Ditto--most people avoid the Darien gap by hopping a boat from Colon, Panama to Cartegena, Colombia. I've been through Colon on a bus and would not ever even dream of trying it on a bicycle.

    When I was in Colombia over the summer we ran into a guy who was trying the reverse on a motorcycle who had just been robbed in Cartagena. So...maybe you want to rethink at least pieces of this trip.

  • Posted by a hidden member.
    Log in to view his profile

    Dec 15, 2010 8:45 PM GMT
    username23 said46 y/o cycling novice planning on riding a bike from the bay area to southern Chile/Argentina, traveling very light and mostly stealth camping along the way. Expected departure late 2011. Completely open-ended time frame and a very flexible itinerary. Wondering if anyone here has done any long distance cycle touring, especially in Central and/or South America?

    I've done bike & motorcycle touring for over 40 years, though nothing like what you propose. Ideally you'll do best with a bicycle designed for touring. Not too many of them left, but still my own favorite kind of bike. Here's my present one:

    580_400_1821_4735.jpg

    DSC01808_2-1.jpg

    S7300148_5-1.jpg

    It's a 2008 Cannondale t1, discontinued for 2011 but 2010s still available if a dealer calls the factory, until supplies run out (I just phoned them & checked). At $2095 USD MSRP it's a great deal. The 2008 is shown in a manufacturer's pic, perhaps the finest pure touring bike in the world. Beneath it is the bike as I configure it for daily around-town use & errands, and finally the bike in Key West, with a handlebar bag attached.

    Features of a touring bike include the heavy-duty rear rack you see, to mount rear panniers (saddlebags) plus forks lugs to add hangers for additional bags up front. You need a lot of luggage when you travel and camp on the road for long distances.

    Which means you need a strong frame, tires and rims to carry the weight. These rims have a greater spoke count than normal, and the tires are a relatively wide 35C, armored with an aramid belt against punctures, one of your biggest problems when out on the road solo. Make sure you carry tire-changing tools and a pump, spare tubes & tires (they fold) and practice how to use them.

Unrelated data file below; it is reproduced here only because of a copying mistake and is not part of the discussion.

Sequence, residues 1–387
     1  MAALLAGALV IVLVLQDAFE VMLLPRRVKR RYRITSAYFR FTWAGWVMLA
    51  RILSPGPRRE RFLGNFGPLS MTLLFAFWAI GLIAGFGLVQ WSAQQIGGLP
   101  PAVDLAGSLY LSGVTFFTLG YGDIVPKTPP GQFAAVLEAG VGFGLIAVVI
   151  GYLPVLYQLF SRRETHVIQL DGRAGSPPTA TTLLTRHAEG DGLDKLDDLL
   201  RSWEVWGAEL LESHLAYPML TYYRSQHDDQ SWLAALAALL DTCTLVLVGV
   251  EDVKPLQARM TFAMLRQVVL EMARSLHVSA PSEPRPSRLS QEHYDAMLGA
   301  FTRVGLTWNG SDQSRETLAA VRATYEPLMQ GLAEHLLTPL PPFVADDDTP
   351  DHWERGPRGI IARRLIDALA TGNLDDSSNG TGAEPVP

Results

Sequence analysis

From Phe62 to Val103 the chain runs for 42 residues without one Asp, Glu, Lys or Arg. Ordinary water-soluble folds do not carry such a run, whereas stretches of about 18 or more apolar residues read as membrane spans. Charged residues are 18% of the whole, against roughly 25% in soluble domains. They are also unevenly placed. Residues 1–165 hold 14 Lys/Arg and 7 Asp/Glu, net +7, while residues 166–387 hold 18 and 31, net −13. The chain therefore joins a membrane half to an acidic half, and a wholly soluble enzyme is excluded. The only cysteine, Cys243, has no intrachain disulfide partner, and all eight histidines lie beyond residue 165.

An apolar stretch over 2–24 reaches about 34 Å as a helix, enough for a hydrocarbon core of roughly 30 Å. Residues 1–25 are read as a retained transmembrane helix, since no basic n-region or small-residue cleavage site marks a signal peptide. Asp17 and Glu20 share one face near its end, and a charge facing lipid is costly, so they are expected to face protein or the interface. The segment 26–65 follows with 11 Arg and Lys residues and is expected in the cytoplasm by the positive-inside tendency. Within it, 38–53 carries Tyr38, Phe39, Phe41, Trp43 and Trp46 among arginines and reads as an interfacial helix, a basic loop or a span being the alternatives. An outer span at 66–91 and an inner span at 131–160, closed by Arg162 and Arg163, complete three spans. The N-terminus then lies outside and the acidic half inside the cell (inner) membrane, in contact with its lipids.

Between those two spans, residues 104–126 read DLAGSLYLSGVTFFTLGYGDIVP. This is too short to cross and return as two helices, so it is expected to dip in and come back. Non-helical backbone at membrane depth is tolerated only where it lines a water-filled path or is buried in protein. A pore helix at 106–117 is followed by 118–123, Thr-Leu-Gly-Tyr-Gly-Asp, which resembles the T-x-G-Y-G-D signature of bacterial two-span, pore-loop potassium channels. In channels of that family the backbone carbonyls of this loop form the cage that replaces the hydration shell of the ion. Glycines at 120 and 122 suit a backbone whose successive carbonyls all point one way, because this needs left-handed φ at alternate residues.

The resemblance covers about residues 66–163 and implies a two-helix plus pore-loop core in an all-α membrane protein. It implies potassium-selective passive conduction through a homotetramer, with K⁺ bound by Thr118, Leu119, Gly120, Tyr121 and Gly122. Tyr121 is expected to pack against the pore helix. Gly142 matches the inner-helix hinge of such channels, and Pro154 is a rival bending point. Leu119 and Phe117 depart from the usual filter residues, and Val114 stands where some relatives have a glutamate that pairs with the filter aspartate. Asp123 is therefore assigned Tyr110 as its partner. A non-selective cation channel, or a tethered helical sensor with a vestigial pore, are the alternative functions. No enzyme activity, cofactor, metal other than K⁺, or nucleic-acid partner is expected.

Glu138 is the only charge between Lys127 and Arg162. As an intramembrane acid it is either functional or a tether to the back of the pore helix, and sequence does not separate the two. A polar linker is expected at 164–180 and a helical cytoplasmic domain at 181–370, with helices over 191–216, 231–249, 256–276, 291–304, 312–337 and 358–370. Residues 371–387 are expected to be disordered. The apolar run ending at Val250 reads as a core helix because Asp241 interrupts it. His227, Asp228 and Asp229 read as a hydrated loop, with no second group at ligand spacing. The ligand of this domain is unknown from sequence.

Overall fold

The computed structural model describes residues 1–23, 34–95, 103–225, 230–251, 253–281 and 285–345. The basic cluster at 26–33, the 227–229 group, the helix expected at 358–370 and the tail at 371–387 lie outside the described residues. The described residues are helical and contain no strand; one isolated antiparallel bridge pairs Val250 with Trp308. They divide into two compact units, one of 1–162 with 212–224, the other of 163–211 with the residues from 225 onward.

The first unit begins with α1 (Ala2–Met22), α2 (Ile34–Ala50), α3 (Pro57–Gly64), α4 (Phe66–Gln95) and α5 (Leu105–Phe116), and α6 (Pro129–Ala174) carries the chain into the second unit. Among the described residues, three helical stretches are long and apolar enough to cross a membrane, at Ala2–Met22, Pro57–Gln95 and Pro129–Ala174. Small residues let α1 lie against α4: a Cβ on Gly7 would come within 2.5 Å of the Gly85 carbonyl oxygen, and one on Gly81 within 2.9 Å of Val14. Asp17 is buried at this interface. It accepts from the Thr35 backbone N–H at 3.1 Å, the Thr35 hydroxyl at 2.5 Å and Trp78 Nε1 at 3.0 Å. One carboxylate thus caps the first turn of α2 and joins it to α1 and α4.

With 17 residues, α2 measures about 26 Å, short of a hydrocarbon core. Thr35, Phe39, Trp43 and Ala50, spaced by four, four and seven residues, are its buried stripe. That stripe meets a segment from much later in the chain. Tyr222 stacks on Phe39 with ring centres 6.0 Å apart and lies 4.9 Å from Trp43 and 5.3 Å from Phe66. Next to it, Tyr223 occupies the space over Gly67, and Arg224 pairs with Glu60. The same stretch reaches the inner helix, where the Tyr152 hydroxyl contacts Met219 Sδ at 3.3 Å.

It also has 30 speeds, in a relatively low range, likewise needed to haul that weight up hills. (Or haul my fat ass over high bridges when I pedal down to Key West). Another feature is 3 sets of water bottle cage lugs. I do sometimes carry 3 bottles in the Florida heat, but another option is to mount your tire pump on 1 set. It will also accept a fender set, which I use around town with our frequent showers, mine lightweight plastic that matches the paint scheme perfectly, from a German maker I've always used.

    Bikes of this caliber are sold without pedals, which the rider chooses according to individual preference. I have Shimano clipless for longer rides, then switch to older-style toe clip pedals for daily use. I recommend toe clips for your trip, since they allow you to wear any kind of shoe or boot for comfort when walking.

    Have you ever done primitive camping outdoors? That skill will be as important as the biking itself, and could fill a book (and indeed does, many of them). You're attempting a great deal, an epic undertaking.
  • Posted by a hidden member.
    Log in to view his profile

    Dec 15, 2010 10:03 PM GMT
    esails saidAnd ignore the couch potatoes on here with no imagination and no idea what adventure and exploration look like and remember that success is not based on whether or not you complete the entire journey but on having the balls to go for it in the first place.

    There is a difference between encouraging someone even though he may not have a chance and encouraging someone who is about to do something extremely dangerous.

    First of all, he is no where near the level needed to make the distance not to mention survive the terrain and secondly, he is doing it solo in territories that will shoot him down, gut him and steal the little valuable items he has on him.

    I would rather him say he wants to do the coast-to-coast bike ride as a novice. That I would be happy to encourage him doing, give him advice, and hope he gives feedback on. The current voyage is nothing I and a lot of others would recommend.
  • Posted by a hidden member.
    Log in to view his profile

    Dec 15, 2010 10:05 PM GMT
    xassantex saidmaybe he's going with a fully heavily armed escort .